4 Urinary catheters A Foley catheter is a hollow flexible tube, which drains urine from your bladder. The catheter reaches the bladder either by passing through the urethra, or through a channel made in the abdominal wall, just above the pubic bone. This is called a supra-pubic catheterisation. Once the catheter is in place a small balloon at the catheter tip is inflated inside the bladder to prevent the catheter from falling out. As urine fills the bladder it drains down the catheter into a drainage bag or catheter valve. You should not need to pass urine in the usual way when you have a catheter in place. Types of foley catheters There are different types of Foley catheters which are made out of different materials and coatings. Short term catheters These are only left in the body for up to 2-4 weeks, and are made of latex coated in PTFE. There are anti-infective Foley catheters made with Bacti-Guard Silver Alloy coating, used for up to 28 days. Long term catheters These can be used for up to 12 weeks; they are made from materials such as hydrogel and All Silicone that better resist the build up of encrustations, which may block the drainage of the catheter. 3 Living with a catheter When you start using your catheter you will probably have the feeling that you need to pass urine, or may experience a bladder spasm or cramp from time to time. This usually stops within hours and is nothing to worry about. You may experience a slight urine leak around the outside of the catheter as a result of a bladder spasm. This is not an emergency, provided the catheter is draining. However you should notify your nurse when you next see them, or on one of the telephone numbers at the back of this leaflet. Personal hygiene Wash the area where the catheter enters your body with mild soap and warm water at least once a day. Dry thoroughly and never use talcum powder or ointments around the catheter, as some ointments can actually damage the catheter. Always wash your hands before and after draining, or changing, a bag. Diet and fluid intake People with catheters need to take care to keep their bladders and bowels healthy. Following a healthy diet and eating five fruit or vegetable portions daily, as recommended by the Department of Health, is important to avoid constipation. Constipation can cause drainage problems with the catheter. Drinking approximately eight teacups or five mugs (1.5 2 litres) of fluid is strongly recommended to ensure the catheter drains well and helps keep the urine clear. Does a supra-pubic catheter need special care? The usual advice for caring for any catheter applies with a supra-pubic catheter. The area around the insertion site should be washed with plain soap and water daily. Again, avoid using any creams or powders around the entry site. 8

5 As the leg bag fills it becomes heavier. Do not allow the bag to become too full. About three quarters full is about right to empty. How to empty the drainage bag: Wash your hands thoroughly Open the tap at the bottom of the bag and drain it into a toilet or a suitable container Close the tap after you have drained the bag Wash your hands again What happens at night? At night, connect the bed bag to the bottom of the leg bag and open the tap of the leg bag to allow urine to drain freely into the bed bag. Support the bed bag on a stand, or hanger and always keep the bed bag down lower than your bladder, because urine cannot drain up hill. Do not allow the bed bag to lie on the floor. Remember to check that the bed bag tap is closed, otherwise you may find you will have a wet floor! The following morning, close the tap on the leg bag and remove the bed bag. The bed bag should then be emptied, rinsed through with water and left to dry ready for the following night. If you are a patient in a hospital, the bed bag should be only used once and thrown away in the yellow clinical waste bin. How often should the leg bag be changed? The leg bag should be changed every 5-7 days, or earlier if damaged. How should the drainage bags be disposed of? Both the leg and bed bags should be emptied and disposed of in a plastic bag and put in the household rubbish. 7 Types of catheter drainage system There are different types of drainage systems to use with the indwelling catheter; these include catheter valves and drainage bags. Catheter valves The catheter valve is a tap like device, which fits into the end of the catheter (urethral of supra-pubic); it can be used whether the catheter is a temporary or permanent arrangement. The bladder continues to store urine and can be emptied intermittently by releasing the valve, thus helping to maintain normal function of the bladder. The catheter valve is more discreet and comfortable than a leg bag and may reduce the risk of infection and blockages by intermittently flushing the catheter with urine. A catheter valve increases the options available to you for the drainage of urine. If the catheter is to be used for a short period of time a catheter valve is more likely to help maintain the bladders normal function. How to use the catheter valve The catheter valve should be opened to release urine when the bladder feels comfortably full or approximately four hourly in the daytime and during the night if necessary, as well as before a bowel action. If the volume of urine emptied each time is below 200mls, 4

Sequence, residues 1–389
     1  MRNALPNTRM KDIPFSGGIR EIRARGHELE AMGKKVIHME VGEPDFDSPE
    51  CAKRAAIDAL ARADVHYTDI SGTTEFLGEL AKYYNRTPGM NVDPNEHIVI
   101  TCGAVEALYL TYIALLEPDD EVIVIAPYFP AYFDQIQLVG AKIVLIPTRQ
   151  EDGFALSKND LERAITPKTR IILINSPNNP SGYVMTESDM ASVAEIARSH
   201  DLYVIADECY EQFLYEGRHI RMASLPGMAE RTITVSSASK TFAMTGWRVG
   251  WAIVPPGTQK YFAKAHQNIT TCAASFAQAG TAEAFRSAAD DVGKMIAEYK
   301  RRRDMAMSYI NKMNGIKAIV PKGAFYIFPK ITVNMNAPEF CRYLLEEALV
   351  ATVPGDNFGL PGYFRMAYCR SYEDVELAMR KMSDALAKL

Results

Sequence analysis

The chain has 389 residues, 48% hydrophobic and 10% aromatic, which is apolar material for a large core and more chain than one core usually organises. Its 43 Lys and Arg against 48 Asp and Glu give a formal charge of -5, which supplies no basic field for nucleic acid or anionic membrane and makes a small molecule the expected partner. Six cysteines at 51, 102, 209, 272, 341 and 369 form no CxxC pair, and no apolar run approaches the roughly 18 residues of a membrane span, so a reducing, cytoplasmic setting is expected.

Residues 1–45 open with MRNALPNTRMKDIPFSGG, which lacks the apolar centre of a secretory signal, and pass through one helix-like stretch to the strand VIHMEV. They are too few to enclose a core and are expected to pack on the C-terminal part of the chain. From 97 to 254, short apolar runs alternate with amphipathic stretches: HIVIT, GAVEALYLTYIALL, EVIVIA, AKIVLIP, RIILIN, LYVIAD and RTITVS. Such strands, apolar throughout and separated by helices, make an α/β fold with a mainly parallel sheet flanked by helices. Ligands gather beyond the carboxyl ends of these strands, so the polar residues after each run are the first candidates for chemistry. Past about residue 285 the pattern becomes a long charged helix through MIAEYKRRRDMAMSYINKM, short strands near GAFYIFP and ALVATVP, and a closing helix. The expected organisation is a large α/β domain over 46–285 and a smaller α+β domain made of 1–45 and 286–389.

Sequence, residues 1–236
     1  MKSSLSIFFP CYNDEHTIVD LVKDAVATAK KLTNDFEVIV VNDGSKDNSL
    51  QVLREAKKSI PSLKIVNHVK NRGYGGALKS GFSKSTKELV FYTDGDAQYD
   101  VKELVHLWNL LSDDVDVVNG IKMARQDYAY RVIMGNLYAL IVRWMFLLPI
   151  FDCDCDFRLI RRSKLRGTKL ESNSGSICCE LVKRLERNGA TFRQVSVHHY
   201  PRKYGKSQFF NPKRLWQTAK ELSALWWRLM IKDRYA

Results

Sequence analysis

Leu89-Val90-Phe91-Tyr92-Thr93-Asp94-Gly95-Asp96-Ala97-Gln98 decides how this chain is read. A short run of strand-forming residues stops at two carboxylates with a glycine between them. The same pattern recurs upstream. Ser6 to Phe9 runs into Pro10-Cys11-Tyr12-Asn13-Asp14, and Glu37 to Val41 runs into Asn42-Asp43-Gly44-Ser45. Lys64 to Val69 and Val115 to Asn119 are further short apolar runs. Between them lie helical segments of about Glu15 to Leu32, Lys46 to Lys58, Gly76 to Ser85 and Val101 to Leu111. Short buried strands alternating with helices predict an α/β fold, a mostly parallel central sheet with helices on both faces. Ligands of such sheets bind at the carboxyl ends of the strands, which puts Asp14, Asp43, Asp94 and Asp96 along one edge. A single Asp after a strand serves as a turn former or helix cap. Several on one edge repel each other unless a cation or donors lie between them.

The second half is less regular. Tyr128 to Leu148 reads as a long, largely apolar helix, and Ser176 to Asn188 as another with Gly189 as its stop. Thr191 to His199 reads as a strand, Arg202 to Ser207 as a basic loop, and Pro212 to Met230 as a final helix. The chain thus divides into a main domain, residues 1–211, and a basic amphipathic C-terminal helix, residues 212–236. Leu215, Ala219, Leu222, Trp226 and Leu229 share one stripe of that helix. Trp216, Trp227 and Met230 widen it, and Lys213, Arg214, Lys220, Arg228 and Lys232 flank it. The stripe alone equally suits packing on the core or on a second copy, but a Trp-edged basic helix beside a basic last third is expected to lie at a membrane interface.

6 then reduce the number of times the valve is opened in the day, in order, to encourage a higher volume to be emptied. If the volume that is emptied each time is over 500mls then increase the amount of times in the day to empty the bladder. The average volume should be between 350mls 500mls. How to wear the catheter valve The catheter valve will tuck nicely into underwear; alternatively the valve can be supported on to the upper thigh with a catheter retainer strap which can be supplied by the district nurse or GP. How often should the catheter valve be changed? The catheter valve should be changed every 5-7 days, or earlier if damaged. You should seek advice, support and training by a health care professional, such as your district nurse, before you attempt to change the catheter valve. If this procedure is not performed correctly then the risk of an infection could be introduced. The catheter valve can also be used with a bed bag at night, or with a leg bag in the day if toilet access is likely to be a problem. Disposing of the catheter valve Always wash your hands before handling the catheter valve. Empty the bladder first, then remove the old catheter valve and replace it immediately with a new one. Avoid handling the section of the valve which is inserted into the catheter to prevent introduction of an infection. Rinse the old catheter valve and place into a plastic bag before disposing of it into the household rubbish. 5 Drainage bags There are two types of drainage bags to use with a catheter. 1 A LEG BAG which is worn under normal clothing in the day 2 A BED BAG or OVERNIGHT BAG which is used at night. The bed bag is larger than the leg bag and is connected to the bottom of the leg bag to collect the urine, which drains from the bladder overnight. Closed system Night Drainage bag This catheter and leg bag forms a closed drainage system, which prevents bacteria getting into the system and reduces the risk of infection. The leg bag should only be disconnected from the catheter when the leg bag needs replacing which is every 5-7 days. How to wear the leg bag Leg Bag Connector The bag can be attached to the thigh or calf with a pair of leg bag straps, or worn inside a special leg bag holder against the leg. Leg bags come in different sizes with different tube lengths. The health care professional/district nurse will help you to choose the one that suits you best. 6